Social media may also be playing a role. Credit: Getty Images.

In 1976, 50% of high school seniors said they planned to graduate from college. By 2008, 80% planned on doing so. "These findings suggest that recent generations of college students have higher expectations of themselves and others than previous generations," Curran said. "Today's young people are competing with each other in order to meet societal pressures to succeed and they feel that perfectionism is necessary in order to feel safe, socially connected, and of worth."

Social media too may be exerting its influence. Seeing peers portrayed with perfect bodies, achieving noteworthy goals, or modeling RomCom-worthy relationships, increases feelings of insecurity, and so ramps up competitiveness and the desire to do well. The drawbacks are a propensity toward mental health issues, body issues and even, social isolation. One drawback to the study, it offers few ways to take the pressure off Millennials, besides professors, supervisors, and parents making light of academic and career-oriented tasks, when they instead might turn the screws to increase performance.

Curran and Hill conclude that, “American, Canadian, and British cultures have become more individualistic, materialistic, and socially antagonistic over this period, with young people now facing more competitive environments, more unrealistic expectations, and more anxious and controlling parents than generations before."

Truth is, there is no such thing as perfection. And we learn far more from our failures than we ever do our successes. So instead of trying to be perfect, it might be best to perfect how to learn from the times we come up short.

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Homo sapiens have been on earth for 200,000 years — give or take a few ten-thousand-year stretches. Much of that time is shrouded in the fog of prehistory. What we do know has been pieced together by deciphering the fossil record through the principles of evolutionary theory. Yet new discoveries contain the potential to refashion that knowledge and lead scientists to new, previously unconsidered conclusions.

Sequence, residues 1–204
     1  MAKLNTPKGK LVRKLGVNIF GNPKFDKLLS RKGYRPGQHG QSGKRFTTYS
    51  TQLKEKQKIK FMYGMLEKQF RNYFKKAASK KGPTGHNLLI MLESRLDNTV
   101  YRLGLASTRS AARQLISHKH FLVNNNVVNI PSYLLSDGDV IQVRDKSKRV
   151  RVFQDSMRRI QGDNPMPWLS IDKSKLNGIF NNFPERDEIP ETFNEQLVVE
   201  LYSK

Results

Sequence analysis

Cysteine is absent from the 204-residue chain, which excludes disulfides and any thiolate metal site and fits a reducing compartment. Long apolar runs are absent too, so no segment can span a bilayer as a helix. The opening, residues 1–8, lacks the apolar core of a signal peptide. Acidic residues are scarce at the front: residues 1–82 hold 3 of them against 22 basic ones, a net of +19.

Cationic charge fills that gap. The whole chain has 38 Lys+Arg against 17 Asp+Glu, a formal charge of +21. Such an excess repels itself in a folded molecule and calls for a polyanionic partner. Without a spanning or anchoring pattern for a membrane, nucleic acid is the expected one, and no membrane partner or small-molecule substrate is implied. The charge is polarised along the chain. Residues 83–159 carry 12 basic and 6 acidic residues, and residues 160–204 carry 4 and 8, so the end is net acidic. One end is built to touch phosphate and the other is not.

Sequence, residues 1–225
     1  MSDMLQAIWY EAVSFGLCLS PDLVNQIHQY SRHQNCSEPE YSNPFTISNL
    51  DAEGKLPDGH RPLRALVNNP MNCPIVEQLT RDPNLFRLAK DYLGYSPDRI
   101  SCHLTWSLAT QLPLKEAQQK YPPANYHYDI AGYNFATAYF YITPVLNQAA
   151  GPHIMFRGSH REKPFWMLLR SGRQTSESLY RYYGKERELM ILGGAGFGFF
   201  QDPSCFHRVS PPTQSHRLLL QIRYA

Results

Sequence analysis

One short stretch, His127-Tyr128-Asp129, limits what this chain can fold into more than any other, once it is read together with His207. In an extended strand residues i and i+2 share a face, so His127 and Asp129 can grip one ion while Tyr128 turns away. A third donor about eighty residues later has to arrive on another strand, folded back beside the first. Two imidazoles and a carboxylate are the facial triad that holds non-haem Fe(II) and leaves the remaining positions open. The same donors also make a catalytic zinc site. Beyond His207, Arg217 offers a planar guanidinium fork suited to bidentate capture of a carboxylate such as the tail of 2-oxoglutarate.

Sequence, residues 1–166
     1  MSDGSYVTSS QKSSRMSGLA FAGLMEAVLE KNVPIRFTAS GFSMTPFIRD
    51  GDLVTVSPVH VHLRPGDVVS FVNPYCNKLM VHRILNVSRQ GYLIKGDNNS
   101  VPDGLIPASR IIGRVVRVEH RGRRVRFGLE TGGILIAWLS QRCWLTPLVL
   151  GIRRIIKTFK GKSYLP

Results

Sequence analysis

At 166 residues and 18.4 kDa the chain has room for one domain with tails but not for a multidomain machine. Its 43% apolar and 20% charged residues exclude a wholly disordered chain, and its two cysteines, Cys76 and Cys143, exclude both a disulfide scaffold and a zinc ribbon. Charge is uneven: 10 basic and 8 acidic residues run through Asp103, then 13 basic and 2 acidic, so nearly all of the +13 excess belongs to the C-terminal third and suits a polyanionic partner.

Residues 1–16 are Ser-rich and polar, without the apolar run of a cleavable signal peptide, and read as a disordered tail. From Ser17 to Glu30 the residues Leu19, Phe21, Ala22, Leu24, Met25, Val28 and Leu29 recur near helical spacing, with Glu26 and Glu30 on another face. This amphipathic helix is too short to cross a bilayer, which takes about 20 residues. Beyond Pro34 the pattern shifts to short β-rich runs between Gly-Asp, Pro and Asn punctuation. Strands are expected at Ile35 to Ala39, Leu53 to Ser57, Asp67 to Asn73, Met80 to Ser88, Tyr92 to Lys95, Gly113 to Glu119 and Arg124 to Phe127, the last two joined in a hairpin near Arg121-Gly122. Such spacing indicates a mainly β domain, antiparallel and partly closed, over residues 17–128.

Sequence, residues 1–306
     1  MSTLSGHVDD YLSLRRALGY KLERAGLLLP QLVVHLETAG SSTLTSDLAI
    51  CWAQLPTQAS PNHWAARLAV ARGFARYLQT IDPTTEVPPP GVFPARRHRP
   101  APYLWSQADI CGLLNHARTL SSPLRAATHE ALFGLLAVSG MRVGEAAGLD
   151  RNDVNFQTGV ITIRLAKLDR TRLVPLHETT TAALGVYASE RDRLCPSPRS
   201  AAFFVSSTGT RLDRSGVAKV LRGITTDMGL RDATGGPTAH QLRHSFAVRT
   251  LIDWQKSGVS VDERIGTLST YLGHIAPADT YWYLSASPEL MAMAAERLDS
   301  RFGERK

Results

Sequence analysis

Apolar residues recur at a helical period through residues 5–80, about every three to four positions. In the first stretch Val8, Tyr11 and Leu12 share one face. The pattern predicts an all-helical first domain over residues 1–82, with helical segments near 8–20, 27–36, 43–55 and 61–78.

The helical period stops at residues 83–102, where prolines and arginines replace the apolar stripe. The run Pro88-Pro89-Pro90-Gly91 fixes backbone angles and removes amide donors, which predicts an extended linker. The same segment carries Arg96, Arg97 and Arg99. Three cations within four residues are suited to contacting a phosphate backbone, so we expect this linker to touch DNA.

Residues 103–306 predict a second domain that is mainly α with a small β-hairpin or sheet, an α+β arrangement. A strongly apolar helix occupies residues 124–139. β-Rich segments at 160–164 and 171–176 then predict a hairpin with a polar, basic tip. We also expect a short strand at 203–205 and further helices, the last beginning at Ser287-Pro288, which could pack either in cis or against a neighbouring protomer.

A set of 8-million-year-old teeth may have done just that. Researchers recently inspected the upper and lower jaw of an ancient European ape. Their conclusions suggest that humanity's forebearers may have arisen in Europe before migrating to Africa, potentially upending a scientific consensus that has stood since Darwin's day.

Rethinking humanity's origin story

The frontispiece of Thomas Huxley's Evidence as to Man's Place in Nature (1863) sketched by natural history artist Benjamin Waterhouse Hawkins. (Photo: Wikimedia Commons)

As reported in New Scientist, the 8- to 9-million-year-old hominin jaw bones were found at Nikiti, northern Greece, in the '90s. Scientists originally pegged the chompers as belonging to a member of Ouranopithecus, an genus of extinct Eurasian ape.

David Begun, an anthropologist at the University of Toronto, and his team recently reexamined the jaw bones. They argue that the original identification was incorrect. Based on the fossil's hominin-like canines and premolar roots, they identify that the ape belongs to a previously unknown proto-hominin.

The researchers hypothesize that these proto-hominins were the evolutionary ancestors of another European great ape Graecopithecus, which the same team tentatively identified as an early hominin in 2017. Graecopithecus lived in south-east Europe 7.2 million years ago. If the premise is correct, these hominins would have migrated to Africa 7 million years ago, after undergoing much of their evolutionary development in Europe.